People Behind GreenPath: Celebrating Pride Month

  • June 25, 2021
  • By: Greenpath Financial Wellness

June is a significant time for those in the LGBTQ+ community as it is Pride, which is the promotion of the self-affirmation, dignity, equality, and increased visibility of LGBTQ+ people as a social group. Pride, as opposed to shame and social stigma, is the predominant outlook that bolsters most LGBTQ+ rights movements.

GreenPath is committed to maintaining a work environment that is fair, collaborative, inclusive, and encourages mutual respect and promotes civil and congenial relationships amongst employees. We want our employees to be authentic, where they feel understood, supported, heard, seen and feel inspired to be their whole selves at work.

In honor of Pride month, we asked a few of our employees what PRIDE Month and representation means to them. Here is what they shared.

Maurice – Marketing Operations Coordinator

What does Pride Month mean to me?

There will never be another ME so why not be proud and show it off! This is what Pride Month means to me. So often the world tells me NO, you cannot do that, NO, you cannot say that, NO, you cannot be who you are but Pride says YES, I CAN! Pride Month allows a time of self-reflection on the relationship I have with others but most importantly, the relationship I have with myself. How am I showing up in the world? Who are people seeing and is it the person I want them to see?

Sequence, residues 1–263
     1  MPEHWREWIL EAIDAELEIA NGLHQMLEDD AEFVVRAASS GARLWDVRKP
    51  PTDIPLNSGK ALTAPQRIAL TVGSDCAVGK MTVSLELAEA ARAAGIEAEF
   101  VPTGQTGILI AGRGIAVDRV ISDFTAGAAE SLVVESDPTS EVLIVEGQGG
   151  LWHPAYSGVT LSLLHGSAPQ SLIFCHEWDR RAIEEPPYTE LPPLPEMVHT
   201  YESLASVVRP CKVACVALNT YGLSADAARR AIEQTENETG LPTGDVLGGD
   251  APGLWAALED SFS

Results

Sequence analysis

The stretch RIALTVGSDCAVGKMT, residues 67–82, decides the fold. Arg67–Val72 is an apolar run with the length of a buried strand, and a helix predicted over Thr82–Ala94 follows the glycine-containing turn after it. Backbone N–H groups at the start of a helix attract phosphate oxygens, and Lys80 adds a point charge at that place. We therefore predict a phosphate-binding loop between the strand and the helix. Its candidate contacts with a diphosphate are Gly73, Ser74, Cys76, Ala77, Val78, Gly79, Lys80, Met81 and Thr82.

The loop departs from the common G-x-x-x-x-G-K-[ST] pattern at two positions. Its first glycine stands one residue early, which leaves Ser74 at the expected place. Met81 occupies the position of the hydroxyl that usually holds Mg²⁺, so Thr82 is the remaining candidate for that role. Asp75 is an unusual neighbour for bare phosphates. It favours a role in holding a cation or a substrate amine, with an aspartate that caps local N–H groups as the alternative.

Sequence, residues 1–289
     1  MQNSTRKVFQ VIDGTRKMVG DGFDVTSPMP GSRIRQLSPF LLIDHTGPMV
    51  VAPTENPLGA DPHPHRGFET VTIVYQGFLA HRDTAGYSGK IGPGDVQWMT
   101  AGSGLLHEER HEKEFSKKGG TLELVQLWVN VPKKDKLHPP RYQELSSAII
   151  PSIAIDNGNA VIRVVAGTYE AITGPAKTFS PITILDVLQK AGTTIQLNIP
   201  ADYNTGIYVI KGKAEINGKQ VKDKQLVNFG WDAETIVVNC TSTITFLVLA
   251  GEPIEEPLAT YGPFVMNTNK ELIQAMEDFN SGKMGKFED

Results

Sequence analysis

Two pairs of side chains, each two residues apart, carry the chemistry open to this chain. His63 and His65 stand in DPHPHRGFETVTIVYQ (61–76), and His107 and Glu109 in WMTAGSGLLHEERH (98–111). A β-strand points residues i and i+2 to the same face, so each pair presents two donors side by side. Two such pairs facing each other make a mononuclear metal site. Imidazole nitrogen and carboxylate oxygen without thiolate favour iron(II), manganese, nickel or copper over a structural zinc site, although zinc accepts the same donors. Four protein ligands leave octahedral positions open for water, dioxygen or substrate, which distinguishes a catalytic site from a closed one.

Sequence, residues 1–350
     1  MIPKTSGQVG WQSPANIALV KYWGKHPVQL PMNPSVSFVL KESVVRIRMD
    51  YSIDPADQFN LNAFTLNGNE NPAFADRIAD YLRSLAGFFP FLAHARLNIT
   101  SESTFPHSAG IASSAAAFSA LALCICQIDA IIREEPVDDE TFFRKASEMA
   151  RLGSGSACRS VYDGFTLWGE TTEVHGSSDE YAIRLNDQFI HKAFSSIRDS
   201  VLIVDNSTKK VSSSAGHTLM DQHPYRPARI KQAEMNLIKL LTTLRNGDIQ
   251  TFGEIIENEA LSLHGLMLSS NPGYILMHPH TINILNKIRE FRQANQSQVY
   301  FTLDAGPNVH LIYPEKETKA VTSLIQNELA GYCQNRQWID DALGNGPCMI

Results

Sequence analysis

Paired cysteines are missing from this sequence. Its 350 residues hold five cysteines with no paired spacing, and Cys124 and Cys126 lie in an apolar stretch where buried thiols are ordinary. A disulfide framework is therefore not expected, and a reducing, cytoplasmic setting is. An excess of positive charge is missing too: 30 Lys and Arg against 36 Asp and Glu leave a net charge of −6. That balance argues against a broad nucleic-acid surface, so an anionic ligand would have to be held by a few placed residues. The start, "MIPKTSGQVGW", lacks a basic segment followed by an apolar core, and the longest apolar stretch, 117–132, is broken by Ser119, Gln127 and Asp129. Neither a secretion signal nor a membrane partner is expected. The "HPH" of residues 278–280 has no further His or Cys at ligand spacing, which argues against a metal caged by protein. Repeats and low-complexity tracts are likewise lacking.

I am a 38-year-old, black gay male. I am a brother, a son, a friend, a co-worker, and a believer that Our Creator designed you and me exactly how it was meant to be, no questions asked. I must proceed with faith and Pride knowing that being me may allow space for someone else to be who they are. Pride requests a level of vulnerability, and courage to be authentically me. Pride is a proclamation of the fact that I deserve to be here on this miraculous earth, just as I am. Take Pride everywhere you go, they’ll adjust!

Maurice Pride

Julie – Director of Employee Experience

What does Pride Month mean to me?

I came out as a lesbian in the spring of 1996, and subsequently attended my first Pride March in Lansing, Michigan that June. I remembered both the freedom I felt on that day being surrounded by so many in the LGBTQ community, and the fear that I felt of the potential danger. There were people with signs around protesting and saying vulgar things to those attending the march. I decided in that moment of seeing people begin to walk away from the anti-gay protesters and shy away from the media that were recording the reactions, that I was going to be my authentic self no matter the consequence.